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Nielsen: “Participation inequality”, the 90-9-1 rule

Participation Inequality: Encouraging More Users to Contribute (Jakob Nielsen’s Alertbox)

Nielsen’s latest research quantified (with an elegant formulation) something that community owners, retailers and those working with ‘user-generated content’ already know:

In most online systems, 90% of users are lurkers who never contribute, 9% of users contribute a little, and 1% of users account for almost all the action.

This seems to shock some people and undermines their view of UGC. To me, it seems normal.

We notice the inequality online because we can measure it. To take a retail, high street, comparison, the 90 people walk past your shop, the 10 go in and 1 person buys. This – to a retailer – looks like a 10% conversion rate, rather than 1%.

In Nielsen’s posting the only point with which I’d quibble is the term “lurker”. This implies that there’s no value derived from those visits.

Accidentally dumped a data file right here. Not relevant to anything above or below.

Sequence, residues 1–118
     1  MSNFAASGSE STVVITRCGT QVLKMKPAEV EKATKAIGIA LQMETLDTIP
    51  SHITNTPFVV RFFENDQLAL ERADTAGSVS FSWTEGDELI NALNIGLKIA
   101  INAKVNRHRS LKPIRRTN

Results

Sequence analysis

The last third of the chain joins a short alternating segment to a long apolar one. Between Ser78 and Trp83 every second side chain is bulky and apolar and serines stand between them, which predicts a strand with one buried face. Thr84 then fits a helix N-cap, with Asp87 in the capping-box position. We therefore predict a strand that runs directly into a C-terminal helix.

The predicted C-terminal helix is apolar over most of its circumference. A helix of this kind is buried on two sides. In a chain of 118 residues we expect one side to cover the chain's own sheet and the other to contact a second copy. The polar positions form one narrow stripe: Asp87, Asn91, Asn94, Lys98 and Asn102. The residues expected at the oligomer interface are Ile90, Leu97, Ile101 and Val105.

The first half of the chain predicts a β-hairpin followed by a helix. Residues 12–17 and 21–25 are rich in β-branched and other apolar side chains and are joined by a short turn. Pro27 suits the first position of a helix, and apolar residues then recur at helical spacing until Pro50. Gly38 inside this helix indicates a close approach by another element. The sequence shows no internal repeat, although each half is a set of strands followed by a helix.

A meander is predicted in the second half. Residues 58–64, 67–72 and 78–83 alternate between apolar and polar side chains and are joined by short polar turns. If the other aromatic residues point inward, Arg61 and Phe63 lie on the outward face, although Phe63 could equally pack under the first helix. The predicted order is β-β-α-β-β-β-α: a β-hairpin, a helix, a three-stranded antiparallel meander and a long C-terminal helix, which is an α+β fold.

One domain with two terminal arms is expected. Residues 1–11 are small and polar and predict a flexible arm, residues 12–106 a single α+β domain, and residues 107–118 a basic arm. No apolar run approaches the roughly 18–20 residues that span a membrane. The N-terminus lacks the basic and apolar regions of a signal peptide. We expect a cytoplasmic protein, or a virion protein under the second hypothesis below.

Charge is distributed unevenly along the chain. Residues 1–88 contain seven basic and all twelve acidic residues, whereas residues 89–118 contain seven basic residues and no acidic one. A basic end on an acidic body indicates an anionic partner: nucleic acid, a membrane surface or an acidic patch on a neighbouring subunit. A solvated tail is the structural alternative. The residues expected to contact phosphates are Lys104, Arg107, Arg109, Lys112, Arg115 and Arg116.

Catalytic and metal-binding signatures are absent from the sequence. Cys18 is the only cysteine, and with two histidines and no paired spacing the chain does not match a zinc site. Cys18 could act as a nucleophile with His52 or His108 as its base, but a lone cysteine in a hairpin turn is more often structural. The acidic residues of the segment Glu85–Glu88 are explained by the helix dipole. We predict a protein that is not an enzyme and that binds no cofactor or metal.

Take, as an example, a product catalogue with user-contributed reviews. Only a few people can be bothered to contribute (think of TripAdvisor as an example). Those people have disproportionate power – but that’s no different to any system where there’s a binary distinction between people who “do something” and those who do nothing!

Being able to rate a review (x people found this review useful) can draw not only the occasionally-contributing 9% but also engage the other 90% (who may of course be influenced and/or informed by the content contributed).

From an etail perspective it’d have been useful to assess the purchasing behaviour of the 90% who ‘lurked’ (used? read? ignored?) the contributions – to see whether user generated content inequality is a good, bad or indifferent matter to overall sales levels.